The state of global mental health of children

The state of global mental health  of children
Photo by Luke Pennystan / Unsplash

This abstract is based report entitled, “ The state of the world’s children 2021, On My Mind — promoting, protecting and caring for children’s mental health” published by United Nations Children’s Fund (UNICEF). For their research the team has reached 116 countries and over 47 million children, adolescents and family care givers and have organized mental health awareness camps.

The recent times have brought the challenges of mental care to upfront. The challenges faced by everyone including children, adults and elderly have soared up during the pandemic. On the one hand one is anxious about his/her changed office routines, to others who have no place to go to/talk to. The unprecedented stress levels became difficult to ignore.

This report demands rampant and urgent investment of both financial and humane interventions to cater mental health care needs of adolescents and children. It is important to raise our voices for the myths surrounded around mental health. This is also because of the crunch of the mental health care workforce. There are fewer than 0.1 psychiatrists per 1,00,000 population to treat children and adolescents. The picture is however skewed in the favour of high income countries where the rate is 5.5 per 1,00,000.

Children have suffered a great deal during the pandemic specially in the lockdown periods. They have no school to go to, less physical activities, more screen time, ed tech, no schools meal programs, etc. Many children have been pushed to poverty and there was a considerable increase in child abuse, child labour and violence. All of this have impacted their mental well being as there was no stop to some form of phycological distress. It is evident that investment (workforce) is quite low in this area.

According to The World Health Organization, of 1.2 billion,13% of adolescents (10–19 years) live with a diagnosed mental health disorder (2020), the prevalence highest in Middle East, North Africa, North America & Western European regions. There are 89 million adolescent boys and 77 million adolescent girls live with a mental disorder.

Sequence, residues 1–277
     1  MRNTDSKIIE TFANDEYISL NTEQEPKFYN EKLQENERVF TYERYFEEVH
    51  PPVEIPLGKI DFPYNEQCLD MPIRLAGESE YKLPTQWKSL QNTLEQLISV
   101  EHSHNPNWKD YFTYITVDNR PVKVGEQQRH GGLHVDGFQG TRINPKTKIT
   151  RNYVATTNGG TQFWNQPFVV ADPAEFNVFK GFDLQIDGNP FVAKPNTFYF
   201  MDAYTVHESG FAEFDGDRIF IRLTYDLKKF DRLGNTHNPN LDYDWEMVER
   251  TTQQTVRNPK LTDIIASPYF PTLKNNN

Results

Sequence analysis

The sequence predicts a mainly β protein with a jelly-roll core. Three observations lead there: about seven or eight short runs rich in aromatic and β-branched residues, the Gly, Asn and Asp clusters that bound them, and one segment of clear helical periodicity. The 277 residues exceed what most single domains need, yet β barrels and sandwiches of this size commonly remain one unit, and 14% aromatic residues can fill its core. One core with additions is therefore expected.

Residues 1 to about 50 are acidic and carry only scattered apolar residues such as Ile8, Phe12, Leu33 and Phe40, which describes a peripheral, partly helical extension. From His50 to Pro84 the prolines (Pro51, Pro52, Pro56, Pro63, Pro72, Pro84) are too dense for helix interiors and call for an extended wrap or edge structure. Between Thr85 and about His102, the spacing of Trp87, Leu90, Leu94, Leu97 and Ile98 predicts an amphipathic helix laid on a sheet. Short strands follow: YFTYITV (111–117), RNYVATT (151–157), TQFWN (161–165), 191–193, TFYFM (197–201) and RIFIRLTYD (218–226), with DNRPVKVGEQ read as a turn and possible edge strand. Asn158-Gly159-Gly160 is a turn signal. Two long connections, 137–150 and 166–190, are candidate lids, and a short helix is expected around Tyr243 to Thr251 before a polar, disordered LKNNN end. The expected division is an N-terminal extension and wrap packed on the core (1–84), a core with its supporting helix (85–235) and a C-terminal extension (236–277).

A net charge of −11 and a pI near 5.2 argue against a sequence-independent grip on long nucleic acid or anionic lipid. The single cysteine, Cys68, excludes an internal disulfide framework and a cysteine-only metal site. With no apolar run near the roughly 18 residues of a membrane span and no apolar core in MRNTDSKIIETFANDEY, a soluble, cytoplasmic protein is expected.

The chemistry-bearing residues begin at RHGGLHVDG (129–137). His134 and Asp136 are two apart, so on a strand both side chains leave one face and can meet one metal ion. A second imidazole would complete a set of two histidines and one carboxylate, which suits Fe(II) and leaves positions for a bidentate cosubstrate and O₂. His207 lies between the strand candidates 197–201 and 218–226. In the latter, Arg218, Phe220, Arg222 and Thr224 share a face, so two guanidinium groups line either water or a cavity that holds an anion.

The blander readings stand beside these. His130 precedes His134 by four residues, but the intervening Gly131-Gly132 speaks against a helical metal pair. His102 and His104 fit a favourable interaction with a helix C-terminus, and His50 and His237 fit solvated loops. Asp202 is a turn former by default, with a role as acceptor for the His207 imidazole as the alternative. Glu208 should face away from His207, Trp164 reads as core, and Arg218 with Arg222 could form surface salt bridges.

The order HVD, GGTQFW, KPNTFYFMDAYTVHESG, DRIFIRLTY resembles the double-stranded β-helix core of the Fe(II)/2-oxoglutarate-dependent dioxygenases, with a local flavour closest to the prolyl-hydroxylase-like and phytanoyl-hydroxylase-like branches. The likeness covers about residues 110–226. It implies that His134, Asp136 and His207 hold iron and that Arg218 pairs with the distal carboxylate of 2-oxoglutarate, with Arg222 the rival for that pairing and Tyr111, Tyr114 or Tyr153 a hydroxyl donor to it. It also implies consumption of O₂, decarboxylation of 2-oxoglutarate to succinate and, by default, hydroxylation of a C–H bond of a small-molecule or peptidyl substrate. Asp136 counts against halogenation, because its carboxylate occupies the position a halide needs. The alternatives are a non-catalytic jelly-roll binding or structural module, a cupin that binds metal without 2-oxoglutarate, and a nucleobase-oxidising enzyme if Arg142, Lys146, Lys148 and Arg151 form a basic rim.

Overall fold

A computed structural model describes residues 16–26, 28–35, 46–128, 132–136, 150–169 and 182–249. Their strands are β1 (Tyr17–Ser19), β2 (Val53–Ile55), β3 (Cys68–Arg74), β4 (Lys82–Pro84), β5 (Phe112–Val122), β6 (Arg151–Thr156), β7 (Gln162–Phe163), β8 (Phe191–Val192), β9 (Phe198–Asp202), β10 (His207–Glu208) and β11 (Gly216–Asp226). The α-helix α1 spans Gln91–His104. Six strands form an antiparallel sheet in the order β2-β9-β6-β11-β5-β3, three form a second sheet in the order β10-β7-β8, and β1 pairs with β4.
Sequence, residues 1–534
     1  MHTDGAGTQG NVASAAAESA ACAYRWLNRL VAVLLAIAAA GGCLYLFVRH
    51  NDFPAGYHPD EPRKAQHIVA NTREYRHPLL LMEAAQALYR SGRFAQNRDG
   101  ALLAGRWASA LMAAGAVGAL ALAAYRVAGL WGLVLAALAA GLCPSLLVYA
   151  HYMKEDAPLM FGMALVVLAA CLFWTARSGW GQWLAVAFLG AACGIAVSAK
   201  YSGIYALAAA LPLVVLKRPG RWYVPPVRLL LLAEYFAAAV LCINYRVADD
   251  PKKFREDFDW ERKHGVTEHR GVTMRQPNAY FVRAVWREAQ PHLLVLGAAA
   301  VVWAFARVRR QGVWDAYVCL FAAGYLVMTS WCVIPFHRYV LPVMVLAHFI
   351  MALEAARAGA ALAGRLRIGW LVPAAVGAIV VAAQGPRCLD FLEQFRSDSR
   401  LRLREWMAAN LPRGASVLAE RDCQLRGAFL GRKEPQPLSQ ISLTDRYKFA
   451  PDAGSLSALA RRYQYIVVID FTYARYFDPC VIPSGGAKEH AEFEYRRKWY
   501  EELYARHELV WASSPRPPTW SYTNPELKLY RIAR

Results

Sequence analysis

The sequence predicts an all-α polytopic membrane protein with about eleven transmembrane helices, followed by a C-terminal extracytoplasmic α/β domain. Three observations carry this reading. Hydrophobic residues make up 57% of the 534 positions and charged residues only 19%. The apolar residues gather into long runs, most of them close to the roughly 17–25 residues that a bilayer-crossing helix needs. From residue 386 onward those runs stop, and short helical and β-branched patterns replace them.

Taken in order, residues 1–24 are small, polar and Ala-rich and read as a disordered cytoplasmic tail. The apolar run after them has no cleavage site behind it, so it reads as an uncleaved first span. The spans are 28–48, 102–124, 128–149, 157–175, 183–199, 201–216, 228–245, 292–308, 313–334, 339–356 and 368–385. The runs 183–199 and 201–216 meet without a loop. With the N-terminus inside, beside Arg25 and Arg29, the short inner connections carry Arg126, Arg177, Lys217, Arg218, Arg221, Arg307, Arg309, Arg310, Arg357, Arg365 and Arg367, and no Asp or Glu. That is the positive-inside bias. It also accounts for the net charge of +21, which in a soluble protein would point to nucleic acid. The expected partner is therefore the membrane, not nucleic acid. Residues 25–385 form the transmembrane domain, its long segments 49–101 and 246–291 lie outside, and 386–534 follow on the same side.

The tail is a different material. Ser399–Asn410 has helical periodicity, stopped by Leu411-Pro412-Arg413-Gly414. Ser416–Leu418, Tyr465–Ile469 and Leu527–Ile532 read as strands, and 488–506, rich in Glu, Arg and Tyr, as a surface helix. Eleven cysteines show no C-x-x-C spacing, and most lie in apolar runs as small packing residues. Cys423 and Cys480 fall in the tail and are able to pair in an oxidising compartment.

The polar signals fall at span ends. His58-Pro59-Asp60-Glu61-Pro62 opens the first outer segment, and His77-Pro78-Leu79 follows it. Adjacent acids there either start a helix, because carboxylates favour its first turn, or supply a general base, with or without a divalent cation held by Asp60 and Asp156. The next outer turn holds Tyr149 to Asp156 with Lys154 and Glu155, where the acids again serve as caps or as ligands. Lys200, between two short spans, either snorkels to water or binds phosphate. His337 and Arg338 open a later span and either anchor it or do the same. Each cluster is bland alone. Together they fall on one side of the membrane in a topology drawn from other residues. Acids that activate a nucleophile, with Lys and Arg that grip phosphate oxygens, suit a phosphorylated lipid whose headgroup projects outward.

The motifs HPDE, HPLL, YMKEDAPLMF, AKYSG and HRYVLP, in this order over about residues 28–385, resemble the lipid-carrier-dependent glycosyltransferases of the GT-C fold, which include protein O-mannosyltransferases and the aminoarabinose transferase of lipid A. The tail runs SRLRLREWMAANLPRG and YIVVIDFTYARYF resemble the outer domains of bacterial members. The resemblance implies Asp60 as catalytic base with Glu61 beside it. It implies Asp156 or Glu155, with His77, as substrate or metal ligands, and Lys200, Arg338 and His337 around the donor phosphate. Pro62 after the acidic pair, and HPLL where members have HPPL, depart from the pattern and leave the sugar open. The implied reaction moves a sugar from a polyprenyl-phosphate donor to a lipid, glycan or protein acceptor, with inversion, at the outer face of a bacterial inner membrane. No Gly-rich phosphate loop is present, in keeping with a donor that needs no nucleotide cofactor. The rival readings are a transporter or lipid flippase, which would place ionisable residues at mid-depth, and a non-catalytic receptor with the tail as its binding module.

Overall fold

The biggest challenges are anxiety and depression which constitute about 40% of all the diagnosed mental health disorders. Followed by anxiety and depressive disorders there are conduct disorder, attention-deficit/hyperactivity disorder, Idiopathic developmental intellectual disability & others. The extremity of taking one’s own life is also threatening as more than1 people die from suicide every 11 minutes. There are 46,000 children & adolescent end their ow lives every year. It is the 5th cause of deaths among adolescents. Mental health challenges and its resultant loss in human capital is also striking. The loss is estimated at US $ 387.2 billion (PPP). Cost of anxiety is US$ 91,620, Child behavioural disorder is US$ 76,980, Depression is US$ 74,410, etc.

It is echoed very now and then that remove the stigma and treat mental health care as important as we treat and seek physical health care. The past lockdowns have taught a great deal on how to balance the juggle of work and life by having a sound mental health. Thus, it should be on part of policy makers to minimize the risk and maximise the mental health care protective factors.

Risk and protective factors

It is important to understand and see what factors affect children’s mental well being. For example there are three influence areas, where he/she adapt most learning and things, like, a place where they live with either parents or care givers, school or their place of learning and at last social determinants {poverty, disaster/conflict, discrimination}. This report thus establishes a strong framework of COMMITEMENT, COMMUNICATION & ACTION to guide the actions.